Working Groups in Evolutionary Medicine

We are looking to support innovative approaches to outstanding questions in evolutionary medicine, broadly interpreted to involve research that uses evolutionary and ecological perspectives to understand and treat disease in humans, domesticated animals, and wildlife.  Examples include, but are not limited to:  evolution of infectious or zoonotic disease; psychiatric and neurodegenerative disease; antimicrobial resistance; evolutionary issues in global health; evolution of aging; autoimmune disease and allergy; origins and ecological drivers of disease emergence; evolution and cancer; comparative medicine; and the genetic basis of disease. 

Working groups involve participants collaborating intensively on synthesis papers, analyzing existing data, or working intensively toward new grant submissions.  We expect that most working groups will foster new collaborations, and most will involve the analysis or synthesis of existing data, theoretical models, or both.  Participants should include a mix of senior and emerging researchers, including graduate students and postdocs.  The PIs and majority of the participants should befrom Duke, any UNC-System university (such as NC State or NC Central), or the North Carolina Museum of Natural Sciences, with plans to meet at least monthly over the course of the year.  Funding provides travel support for additional members to participate, and for expenses during meetings.  Working Group applications will be evaluated on the extent to which they:

  • address an important and outstanding evolutionary medicine,
  • are “risky” endeavors but with a reasonable chance of success,
  • involve a mixture of senior and emerging scientists, including graduate students and postdocs,
  • reflect TRICEM’s scientific mission to advance research that addresses fundamental questions in evolutionary medicine by integrating methods, concepts, and data within and across disciplines,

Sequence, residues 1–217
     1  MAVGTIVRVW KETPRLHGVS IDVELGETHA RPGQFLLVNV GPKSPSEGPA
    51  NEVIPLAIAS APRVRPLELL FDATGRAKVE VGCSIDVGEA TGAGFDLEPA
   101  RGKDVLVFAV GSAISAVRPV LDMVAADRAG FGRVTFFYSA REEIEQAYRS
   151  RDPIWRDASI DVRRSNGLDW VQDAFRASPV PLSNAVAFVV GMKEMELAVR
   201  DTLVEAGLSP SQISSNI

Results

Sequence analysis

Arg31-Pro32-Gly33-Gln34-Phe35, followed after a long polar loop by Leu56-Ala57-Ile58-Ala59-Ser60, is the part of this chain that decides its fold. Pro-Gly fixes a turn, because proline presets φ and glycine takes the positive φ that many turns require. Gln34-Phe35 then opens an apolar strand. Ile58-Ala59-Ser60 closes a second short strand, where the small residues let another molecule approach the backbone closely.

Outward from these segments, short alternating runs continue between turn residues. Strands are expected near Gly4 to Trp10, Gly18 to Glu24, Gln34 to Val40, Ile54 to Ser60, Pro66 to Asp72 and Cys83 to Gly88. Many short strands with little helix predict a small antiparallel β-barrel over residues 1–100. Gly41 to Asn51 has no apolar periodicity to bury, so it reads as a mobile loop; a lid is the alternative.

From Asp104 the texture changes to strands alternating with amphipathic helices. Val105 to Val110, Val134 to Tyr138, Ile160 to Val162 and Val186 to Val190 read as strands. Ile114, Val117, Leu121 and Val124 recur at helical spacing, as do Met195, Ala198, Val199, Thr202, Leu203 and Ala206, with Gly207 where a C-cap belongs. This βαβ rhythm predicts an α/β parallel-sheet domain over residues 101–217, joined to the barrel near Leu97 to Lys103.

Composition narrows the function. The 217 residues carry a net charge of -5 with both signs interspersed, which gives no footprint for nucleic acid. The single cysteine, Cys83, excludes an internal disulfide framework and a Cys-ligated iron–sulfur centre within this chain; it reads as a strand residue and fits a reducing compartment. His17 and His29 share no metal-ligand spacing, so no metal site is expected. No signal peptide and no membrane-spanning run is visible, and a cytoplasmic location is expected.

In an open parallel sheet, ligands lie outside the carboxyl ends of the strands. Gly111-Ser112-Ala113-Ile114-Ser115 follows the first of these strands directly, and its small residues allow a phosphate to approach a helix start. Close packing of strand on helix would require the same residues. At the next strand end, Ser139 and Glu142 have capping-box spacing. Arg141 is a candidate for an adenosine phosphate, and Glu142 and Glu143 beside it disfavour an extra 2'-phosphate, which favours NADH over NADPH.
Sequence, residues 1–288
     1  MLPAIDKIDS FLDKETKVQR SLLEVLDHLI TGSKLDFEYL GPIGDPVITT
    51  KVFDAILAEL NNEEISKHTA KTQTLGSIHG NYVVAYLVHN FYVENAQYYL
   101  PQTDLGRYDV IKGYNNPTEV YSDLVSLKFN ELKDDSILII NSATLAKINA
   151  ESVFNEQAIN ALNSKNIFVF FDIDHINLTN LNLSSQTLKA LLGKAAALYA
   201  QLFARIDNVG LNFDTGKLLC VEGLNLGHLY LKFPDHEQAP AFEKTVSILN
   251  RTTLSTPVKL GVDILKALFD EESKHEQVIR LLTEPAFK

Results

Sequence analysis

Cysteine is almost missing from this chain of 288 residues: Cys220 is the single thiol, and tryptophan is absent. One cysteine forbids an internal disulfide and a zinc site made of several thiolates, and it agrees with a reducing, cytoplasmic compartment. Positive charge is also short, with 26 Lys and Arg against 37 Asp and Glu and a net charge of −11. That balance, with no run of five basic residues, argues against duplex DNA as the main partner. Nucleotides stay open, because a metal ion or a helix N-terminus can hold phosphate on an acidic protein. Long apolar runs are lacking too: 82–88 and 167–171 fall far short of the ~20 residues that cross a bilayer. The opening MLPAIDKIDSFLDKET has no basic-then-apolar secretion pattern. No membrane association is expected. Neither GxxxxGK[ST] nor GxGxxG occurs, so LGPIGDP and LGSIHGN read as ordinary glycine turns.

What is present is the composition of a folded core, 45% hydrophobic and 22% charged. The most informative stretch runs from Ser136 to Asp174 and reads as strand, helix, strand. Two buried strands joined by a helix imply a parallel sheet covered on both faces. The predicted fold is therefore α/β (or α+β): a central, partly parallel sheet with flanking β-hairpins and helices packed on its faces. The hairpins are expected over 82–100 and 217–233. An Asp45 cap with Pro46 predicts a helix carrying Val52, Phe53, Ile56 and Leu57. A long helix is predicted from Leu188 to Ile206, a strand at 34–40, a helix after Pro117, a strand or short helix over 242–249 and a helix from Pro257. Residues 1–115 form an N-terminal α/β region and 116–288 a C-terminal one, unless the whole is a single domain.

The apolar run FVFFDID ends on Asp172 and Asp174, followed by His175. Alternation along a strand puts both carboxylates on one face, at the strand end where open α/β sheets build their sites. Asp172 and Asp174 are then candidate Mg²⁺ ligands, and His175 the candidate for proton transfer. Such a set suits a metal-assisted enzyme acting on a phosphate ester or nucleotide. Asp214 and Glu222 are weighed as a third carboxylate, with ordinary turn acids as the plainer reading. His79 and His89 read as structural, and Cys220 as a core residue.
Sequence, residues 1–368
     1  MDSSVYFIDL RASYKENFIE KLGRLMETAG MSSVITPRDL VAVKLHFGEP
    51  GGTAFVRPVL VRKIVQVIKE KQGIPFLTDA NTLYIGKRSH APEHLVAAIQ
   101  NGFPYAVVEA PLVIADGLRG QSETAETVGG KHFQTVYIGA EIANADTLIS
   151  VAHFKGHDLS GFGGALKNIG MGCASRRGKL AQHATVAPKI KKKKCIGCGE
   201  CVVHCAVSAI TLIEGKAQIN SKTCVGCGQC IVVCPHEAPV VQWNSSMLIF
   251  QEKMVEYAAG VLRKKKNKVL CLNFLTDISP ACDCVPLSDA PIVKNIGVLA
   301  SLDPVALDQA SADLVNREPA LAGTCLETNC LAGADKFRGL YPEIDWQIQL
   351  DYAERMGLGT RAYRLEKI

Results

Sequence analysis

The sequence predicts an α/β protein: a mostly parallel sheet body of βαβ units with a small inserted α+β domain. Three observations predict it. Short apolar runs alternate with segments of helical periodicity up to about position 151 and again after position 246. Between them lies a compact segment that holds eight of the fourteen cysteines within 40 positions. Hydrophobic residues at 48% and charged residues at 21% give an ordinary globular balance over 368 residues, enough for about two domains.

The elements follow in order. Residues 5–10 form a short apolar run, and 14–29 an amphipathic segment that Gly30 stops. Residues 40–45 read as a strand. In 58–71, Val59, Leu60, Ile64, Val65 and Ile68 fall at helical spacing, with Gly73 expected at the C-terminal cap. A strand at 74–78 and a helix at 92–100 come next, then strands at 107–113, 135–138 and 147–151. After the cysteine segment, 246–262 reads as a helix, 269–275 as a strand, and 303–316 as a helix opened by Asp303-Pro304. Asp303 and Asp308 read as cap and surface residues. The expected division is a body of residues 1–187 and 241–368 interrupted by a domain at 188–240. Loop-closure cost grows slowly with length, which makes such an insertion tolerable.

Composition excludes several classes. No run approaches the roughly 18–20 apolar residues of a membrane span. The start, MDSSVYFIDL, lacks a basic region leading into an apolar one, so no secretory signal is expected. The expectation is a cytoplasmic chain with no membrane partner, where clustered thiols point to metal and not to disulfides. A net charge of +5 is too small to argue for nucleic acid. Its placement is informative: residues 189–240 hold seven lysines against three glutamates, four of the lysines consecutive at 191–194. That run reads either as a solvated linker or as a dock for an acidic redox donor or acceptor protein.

• are not be readily supported by other funding mechanisms or opportunities,
  • provide evidence that sufficient data are available to tackle the question,
  • provide evidence that appropriate analytical tools are available or will be developed during the project,
  • incorporate diverse group of scientists that go beyond existing collaborations and include multiple disciplines
  • generate products that typically fall into (but are not restricted to) four broad categories:
    • Synthetic papers and reviews,
    • Grant-writing,
    • Databases allowing others to build on your foundation,
    • Software or mathematical tools that solve a major analytical problem.

Before You Apply

All applicants are encouraged to contact Melissa Manus (, Assistant Director of TRICEM, for feedback on project ideas.  Proposals will be evaluated in terms of both the scientific value of the project and the qualifications of the applicant. Note that TriCEM funds do not cover indirect costs or Facilities and Administrative (F&A) Costs.

Proposal Guidelines

Proposals for working groups are short, not to exceed 3 single-spaced (12-pt type) pages.  Please also include a current CV for all PIs.

Proposals should be organized as follows:

  1. Program Track (please see our key research areas)
  2. Title (80 characters max)
  3. Short Title (25 characters max)
  4. Name and contact information for Project Leader, and any Co-Leaders
  5. Project Summary (250 words max)
  6. Public Summary (250 words max) – written for the public and visible on the TRICEM web site
  7. Introduction and Goals – A statement of the outstanding question in evolutionary science being addressed and a concise review of the concept and the literature to place the project in context.
  8. Proposed Activities – This should include a clear statement of specific data (include citations or urls) and analytical tools that will be required for the project.  
  9. Participating Fields and List of Proposed Participants-TRICEM encourages groups that go beyond existing collaborations and that include multiple disciplines, emerging scientists including graduate students.  Named individuals should be committed to participating in the project if funded. Not all participants need to be specified in advance; if unspecified, the type of expertise needed should be indicated. For each participant please include explicit information about career stage, discipline, institution, and institutional location. 
  10. Rationale for TRICEM support – Why can this activity be most effectively conducted through TRICEM? Demonstrate that this group of scientists has not met previously.
  11. Proposed Timetable – include Start Date month and year, frequency of meetings, and length of each meeting
  12. Outcomes – Proposals should include a clear statement about the expected outcomes of the working group

Proposal Submission

Proposals will be accepted in digital format only as a single pdf file, including CVs. Graphics should be embedded directly into the proposal document. Email proposals to Melissa Manus (, Assistant Director.